To Live And Die And Live Again In La.

Anyone who saw Kenneth Branagh's "Henry V," his stunning directorial debut, is going to approach Dead Again with enormous expectations. If his Shakespeare film brazenly evoked comparisons to Olivier, this tricky thriller, in which Branagh plays double roles, deliberately raises the specter of Orson Welles. Well, do yourself and the movie a favor: lower those expectations. Branagh's second effort is highly entertaining claptrap, an exercise in artifice that's more sophisticated than most summer fare, but hardly a film noir classic.

Scott Frank's cleverly convoluted and frankly preposterous story takes place both in the black-and-white '40s and the full-color '90s. Back then, a goateed, German-accented Branagh plays refugee composer Roman Strauss, first discovered on death row about to be executed for the murder of his wife, Margaret (Emma Thompson). Five decades later, Branagh reappears as L.A. private eye Mike Church, investigating the identity of a mute, amnesiac woman (Thompson again), whose violent nightmares seem to be those of the murdered Margaret Strauss. With the help of an antiquesdealing hypnotist (Derek Jacobi), who unlocks her memories of her past life, the two stories begin to converge. Is she a reincarnation? Is Mike the reborn Roman? Has fate decreed they fall in love again, and die again?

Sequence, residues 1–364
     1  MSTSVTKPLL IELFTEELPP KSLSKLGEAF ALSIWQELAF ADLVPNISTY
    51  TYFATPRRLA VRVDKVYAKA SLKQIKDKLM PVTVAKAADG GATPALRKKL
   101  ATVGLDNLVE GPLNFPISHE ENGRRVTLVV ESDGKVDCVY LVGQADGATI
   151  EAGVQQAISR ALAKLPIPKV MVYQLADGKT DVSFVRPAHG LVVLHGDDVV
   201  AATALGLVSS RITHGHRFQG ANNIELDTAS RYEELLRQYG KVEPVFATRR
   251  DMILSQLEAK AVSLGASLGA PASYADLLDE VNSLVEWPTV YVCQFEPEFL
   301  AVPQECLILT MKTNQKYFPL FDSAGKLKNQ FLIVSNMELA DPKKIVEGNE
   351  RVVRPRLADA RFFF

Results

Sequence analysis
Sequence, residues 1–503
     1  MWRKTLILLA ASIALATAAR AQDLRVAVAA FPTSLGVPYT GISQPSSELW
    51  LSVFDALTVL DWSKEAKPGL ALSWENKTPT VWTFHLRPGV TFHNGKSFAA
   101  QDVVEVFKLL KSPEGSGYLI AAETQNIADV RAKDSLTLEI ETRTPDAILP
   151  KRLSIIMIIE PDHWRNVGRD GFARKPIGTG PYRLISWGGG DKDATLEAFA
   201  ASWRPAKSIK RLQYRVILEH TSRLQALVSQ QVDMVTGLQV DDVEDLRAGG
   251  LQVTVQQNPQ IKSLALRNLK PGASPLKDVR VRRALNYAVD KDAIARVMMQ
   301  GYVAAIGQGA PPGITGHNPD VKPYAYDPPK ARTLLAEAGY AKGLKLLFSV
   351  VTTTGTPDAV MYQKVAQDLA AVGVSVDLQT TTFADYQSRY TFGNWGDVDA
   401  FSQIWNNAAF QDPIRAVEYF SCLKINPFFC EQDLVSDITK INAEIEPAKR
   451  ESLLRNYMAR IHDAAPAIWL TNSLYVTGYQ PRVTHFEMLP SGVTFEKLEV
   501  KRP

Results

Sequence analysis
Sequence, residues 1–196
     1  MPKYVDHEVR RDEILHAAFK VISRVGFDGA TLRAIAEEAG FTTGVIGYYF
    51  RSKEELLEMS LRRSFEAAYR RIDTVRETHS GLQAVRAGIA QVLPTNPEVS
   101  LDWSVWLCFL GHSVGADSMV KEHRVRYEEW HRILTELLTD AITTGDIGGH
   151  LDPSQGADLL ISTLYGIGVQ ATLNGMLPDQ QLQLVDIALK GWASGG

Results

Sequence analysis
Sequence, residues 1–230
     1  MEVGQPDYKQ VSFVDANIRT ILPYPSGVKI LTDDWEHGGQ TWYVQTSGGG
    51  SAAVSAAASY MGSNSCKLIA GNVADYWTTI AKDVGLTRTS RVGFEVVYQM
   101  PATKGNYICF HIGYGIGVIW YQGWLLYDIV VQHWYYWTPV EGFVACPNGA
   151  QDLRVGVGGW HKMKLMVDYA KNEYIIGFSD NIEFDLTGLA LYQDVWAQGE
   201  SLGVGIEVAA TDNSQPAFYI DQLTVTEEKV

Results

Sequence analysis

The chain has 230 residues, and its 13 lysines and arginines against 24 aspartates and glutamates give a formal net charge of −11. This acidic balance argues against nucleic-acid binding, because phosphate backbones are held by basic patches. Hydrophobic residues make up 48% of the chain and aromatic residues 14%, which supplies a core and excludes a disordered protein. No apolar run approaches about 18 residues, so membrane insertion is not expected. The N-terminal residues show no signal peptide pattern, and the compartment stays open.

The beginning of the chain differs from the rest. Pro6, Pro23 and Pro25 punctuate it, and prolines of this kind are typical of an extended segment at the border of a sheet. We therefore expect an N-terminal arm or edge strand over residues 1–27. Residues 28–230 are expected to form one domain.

As much fun as the movie is (it delivers some real chills and a creepy turn by Robin Williams as a demented exshrink), it leaves a slightly tinny aftertaste. As both an actor and a director, Branagh exhibits more bravura than conviction. In "Dead Again," he's diverting us with his bag of theatrical tricks and hedging his emotional bets by playing the material close to parody. There's little passion behind the pyrotechnics: you never quite shake the feeling that you're watching a talented cast playing an elaborate game of Let's Pretend. Still, be grateful for the genuine amusement "Dead Again" supplies. It may be cotton candy, but it's well spun.

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